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Even though the song is such a critically acclaimed hit that it ranks No. 20 on Rolling Stone’s 2021 edition of the 500 Greatest Songs of All Time, “Dancing on My Own” is the most unexpected update to the Red Sox’s 21st-century sonic catalog, which includes mainstays like Neil Diamond’s “Sweet Caroline,” which Fenway Park has played in the middle of the eighth inning, and the Standells’ “Dirty Water,” which is played after every win.

There have been season-specific songs, too. The 2004 team adopted Eminem’s “Lose Yourself” during its World Series title run; the Dropkick Murphys wrote “Tessie” that same season and then performed “I’m Shipping Up to Boston” for the 2007 title team. In 2013, outfielder Shane Victorino’s walk-up song, Bob Marley’s “Three Little Birds,” always prompted the crowd to keep singing after the music stopped.

To be sure, Plawecki is not just a one-hit wonder — he is also credited as the primary inventor of the team’s dugout ritual of pushing a hitter who has homered in a laundry cart through a receiving line of high-fives — even if his music selection is still limited.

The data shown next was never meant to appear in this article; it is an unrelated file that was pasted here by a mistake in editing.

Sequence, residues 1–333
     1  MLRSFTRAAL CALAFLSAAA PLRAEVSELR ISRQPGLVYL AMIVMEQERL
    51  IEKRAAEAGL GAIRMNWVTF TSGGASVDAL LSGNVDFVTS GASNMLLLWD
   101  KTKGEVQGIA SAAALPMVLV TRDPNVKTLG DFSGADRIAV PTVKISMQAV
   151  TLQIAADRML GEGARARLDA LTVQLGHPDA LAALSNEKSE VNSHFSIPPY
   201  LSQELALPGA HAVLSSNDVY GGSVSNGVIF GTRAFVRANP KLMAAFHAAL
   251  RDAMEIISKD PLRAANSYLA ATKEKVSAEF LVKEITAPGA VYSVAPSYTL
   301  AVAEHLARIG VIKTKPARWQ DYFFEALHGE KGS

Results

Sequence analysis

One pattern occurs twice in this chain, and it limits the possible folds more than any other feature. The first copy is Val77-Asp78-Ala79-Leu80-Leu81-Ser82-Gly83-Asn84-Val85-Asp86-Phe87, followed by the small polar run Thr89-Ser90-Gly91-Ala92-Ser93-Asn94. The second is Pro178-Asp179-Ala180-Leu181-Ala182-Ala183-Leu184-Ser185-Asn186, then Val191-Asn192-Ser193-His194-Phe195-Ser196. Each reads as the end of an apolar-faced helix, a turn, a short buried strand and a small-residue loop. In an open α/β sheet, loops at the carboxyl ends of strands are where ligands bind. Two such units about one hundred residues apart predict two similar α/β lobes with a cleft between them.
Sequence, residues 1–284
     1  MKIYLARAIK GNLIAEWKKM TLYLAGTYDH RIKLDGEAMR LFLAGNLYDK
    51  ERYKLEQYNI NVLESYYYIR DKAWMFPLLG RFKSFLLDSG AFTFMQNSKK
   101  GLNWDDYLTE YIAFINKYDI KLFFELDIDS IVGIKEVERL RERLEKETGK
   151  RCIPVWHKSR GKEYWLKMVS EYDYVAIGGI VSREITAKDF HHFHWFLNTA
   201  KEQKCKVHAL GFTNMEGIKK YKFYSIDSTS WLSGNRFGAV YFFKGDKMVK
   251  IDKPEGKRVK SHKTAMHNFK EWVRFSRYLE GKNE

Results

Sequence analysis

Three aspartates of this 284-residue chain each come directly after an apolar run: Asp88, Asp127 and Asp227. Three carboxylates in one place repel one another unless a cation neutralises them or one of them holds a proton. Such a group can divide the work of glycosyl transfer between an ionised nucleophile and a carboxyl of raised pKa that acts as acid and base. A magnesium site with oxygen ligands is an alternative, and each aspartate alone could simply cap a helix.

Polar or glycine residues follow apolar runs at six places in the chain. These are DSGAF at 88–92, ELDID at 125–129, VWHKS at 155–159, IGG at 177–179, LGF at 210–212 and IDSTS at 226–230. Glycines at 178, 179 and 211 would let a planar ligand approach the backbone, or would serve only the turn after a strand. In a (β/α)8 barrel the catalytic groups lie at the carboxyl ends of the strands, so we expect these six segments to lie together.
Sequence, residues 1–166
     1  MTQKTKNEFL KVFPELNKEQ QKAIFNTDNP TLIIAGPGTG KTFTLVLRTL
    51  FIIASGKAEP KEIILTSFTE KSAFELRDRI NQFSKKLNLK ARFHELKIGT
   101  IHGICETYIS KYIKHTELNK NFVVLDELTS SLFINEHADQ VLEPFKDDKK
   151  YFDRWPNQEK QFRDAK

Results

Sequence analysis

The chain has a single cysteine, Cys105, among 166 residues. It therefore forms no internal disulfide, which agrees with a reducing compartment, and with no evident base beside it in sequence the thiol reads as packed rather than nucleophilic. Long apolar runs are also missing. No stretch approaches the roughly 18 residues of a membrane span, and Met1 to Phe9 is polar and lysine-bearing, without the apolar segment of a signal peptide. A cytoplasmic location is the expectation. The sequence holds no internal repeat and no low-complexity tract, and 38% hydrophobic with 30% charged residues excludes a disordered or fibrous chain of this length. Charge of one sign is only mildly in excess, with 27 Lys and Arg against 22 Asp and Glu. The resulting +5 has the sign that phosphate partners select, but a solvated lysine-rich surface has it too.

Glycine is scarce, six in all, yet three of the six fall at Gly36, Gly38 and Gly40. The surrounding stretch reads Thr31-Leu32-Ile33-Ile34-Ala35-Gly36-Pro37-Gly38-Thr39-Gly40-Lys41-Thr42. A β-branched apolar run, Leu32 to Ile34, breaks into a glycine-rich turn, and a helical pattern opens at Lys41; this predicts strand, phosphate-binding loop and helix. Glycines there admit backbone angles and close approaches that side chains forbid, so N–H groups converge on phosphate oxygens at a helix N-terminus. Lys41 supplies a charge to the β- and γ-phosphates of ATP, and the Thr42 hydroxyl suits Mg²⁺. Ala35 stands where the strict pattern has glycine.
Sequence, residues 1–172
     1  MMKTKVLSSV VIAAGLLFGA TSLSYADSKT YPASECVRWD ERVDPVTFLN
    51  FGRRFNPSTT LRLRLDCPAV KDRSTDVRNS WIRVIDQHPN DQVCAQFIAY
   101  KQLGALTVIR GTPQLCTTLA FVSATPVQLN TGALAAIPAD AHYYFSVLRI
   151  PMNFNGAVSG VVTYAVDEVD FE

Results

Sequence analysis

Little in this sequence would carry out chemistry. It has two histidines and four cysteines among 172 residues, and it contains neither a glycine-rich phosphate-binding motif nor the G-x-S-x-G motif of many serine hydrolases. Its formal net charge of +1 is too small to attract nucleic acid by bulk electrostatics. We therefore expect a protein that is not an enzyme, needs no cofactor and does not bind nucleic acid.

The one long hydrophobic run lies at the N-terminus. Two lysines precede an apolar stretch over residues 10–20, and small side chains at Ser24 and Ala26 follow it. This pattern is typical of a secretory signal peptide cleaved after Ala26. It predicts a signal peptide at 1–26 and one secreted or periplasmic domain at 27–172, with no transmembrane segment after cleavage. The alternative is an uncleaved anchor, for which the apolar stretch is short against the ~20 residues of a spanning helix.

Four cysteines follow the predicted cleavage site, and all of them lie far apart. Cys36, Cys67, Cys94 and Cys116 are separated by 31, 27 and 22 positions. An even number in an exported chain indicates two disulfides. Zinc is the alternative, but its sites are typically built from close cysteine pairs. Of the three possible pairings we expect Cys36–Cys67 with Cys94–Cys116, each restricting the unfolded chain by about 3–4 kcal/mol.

“I’m proud of him because, when the season started, he had a playlist of about five songs,” center fielder Kiké Hernandez said. “It was painful because it was just the same five songs over and over and over again. We started giving him a hard time, and he started coming with more songs.”

As the Red Sox took a bus from Baltimore to Washington between their last two series of the season, the veterans asked the rookies to stand up front and sing karaoke. The breakout star was Sawamura, who belted out a capable cover of Alicia Keys’ “If I Ain’t Got You.” Sawamura’s English may be limited but, according to Hernandez, “he knows every word to a few of Alicia Keys’ songs; Sawamura has a talent that not a lot of people have discovered yet.”

Sawamura said he has been a fan of English-language music for years, spanning Oasis and Keys to Ed Sheeran.

“I have a large collection I can sing,” he noted. (Asked to review his bus ride performance, Sawamura laughed and said, “I think I had the most excitement from the fans on the bus. I nailed it.”)

But when all the rookies had taken their turn, Plawecki walked up front and cued up “Dancing on My Own.”

“I sang it on the mic for all the boys in the back,” he said.

This article originally appeared in The New York Times.